3 of 3 people found the following review helpful
on 18 January 2000
This is an interesting read especially for those of us concerned to ensure that the advance of "industrial" wine producers and multinational corporations does not swamp and overwhelm the skills, individuality and commitment of that keen band of winemakers who are passionate about the produce of their vineyards and who want to retain wines which do not fall into easy classifications, nor necessarily "easy" or unchallenging drinking.
on 20 April 2012
I read a lot of books about wine and this author/book was referred to in one I was reading. So I looked for it and discovered it was out of print and I bought an ex library copy through Amazon. The author sets out to answer several very relevant questions about wine; eg does wine taste of place or grape or about the method of the winemaking? Why does some wine taste better than others? Do small producers make better wines than large ones? These questions may look simple, but as wine lovers know they are not.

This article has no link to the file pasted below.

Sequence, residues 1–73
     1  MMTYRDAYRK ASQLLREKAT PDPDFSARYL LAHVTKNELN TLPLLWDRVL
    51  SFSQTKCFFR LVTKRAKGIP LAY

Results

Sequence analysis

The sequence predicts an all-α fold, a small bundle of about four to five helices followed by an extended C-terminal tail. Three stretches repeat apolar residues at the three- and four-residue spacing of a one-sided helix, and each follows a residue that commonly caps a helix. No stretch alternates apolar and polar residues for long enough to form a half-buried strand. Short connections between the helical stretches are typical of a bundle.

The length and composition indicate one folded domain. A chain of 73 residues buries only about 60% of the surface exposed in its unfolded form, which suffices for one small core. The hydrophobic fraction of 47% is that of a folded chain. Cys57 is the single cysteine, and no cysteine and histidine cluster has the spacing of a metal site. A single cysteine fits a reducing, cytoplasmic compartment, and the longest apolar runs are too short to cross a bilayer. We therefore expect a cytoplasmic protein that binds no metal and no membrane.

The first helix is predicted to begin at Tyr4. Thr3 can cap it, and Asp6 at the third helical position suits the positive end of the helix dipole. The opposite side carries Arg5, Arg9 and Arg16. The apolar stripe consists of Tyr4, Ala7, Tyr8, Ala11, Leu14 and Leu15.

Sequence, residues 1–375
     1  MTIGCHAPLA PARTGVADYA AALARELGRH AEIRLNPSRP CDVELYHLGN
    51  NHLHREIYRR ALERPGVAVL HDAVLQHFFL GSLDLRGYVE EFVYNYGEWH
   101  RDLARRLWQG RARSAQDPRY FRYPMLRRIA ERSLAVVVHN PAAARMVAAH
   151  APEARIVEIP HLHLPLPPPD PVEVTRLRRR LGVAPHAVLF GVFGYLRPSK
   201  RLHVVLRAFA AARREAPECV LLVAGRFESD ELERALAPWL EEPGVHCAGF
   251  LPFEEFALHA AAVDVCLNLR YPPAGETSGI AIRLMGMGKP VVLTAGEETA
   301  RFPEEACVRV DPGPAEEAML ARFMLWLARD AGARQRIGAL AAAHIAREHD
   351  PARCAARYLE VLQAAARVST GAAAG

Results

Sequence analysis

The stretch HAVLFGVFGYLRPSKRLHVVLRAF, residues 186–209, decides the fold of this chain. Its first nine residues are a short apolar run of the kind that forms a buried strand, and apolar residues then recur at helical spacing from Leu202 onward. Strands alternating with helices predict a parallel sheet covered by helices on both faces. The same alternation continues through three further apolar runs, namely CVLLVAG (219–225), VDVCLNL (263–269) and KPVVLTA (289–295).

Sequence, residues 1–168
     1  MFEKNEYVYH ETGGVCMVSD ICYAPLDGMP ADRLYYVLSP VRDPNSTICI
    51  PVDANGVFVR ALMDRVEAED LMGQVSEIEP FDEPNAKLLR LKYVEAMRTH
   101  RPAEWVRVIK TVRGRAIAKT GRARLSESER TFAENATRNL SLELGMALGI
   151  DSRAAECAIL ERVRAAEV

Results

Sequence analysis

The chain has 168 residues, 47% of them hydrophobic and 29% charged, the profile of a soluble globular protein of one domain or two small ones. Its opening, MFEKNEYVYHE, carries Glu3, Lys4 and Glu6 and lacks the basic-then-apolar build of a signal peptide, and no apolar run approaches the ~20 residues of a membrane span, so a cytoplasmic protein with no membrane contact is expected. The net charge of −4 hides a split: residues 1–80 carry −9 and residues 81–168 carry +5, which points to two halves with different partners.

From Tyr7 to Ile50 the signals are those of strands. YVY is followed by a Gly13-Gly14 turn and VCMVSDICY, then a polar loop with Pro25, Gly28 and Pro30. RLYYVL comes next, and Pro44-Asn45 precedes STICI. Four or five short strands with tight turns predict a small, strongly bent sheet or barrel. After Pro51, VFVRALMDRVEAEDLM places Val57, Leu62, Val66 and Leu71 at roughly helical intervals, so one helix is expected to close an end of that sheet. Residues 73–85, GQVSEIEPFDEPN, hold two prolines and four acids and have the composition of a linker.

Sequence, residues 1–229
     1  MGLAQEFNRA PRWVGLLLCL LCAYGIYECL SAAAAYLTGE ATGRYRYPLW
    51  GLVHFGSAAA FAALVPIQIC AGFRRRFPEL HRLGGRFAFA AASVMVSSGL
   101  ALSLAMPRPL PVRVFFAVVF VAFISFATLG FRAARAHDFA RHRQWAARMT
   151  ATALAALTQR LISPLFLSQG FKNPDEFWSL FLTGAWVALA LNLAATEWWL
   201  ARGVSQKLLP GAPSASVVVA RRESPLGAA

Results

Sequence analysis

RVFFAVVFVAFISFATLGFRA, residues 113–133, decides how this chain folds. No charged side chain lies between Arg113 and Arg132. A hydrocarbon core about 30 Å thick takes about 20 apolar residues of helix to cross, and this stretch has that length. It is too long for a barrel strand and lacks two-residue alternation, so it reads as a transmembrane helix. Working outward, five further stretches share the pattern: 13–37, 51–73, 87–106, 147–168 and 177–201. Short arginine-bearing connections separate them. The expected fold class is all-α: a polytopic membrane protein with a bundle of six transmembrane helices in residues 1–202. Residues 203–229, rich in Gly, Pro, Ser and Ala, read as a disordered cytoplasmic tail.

I particularly liked how the author approached the issues with an open mind. The discussions in this book are similar to those encountered in another book which I read at the same time (The Battle for Wine and Love by Alice Feiring) but I preferred Patrick Matthews much more objective style.
I admit that anyone who reads or re-reads this sort of book needs to be a real wine freak to enjoy it. But there are many of us about I suspect and this book is surely something we should have on the shelf to help us make and enjoy a good cellar.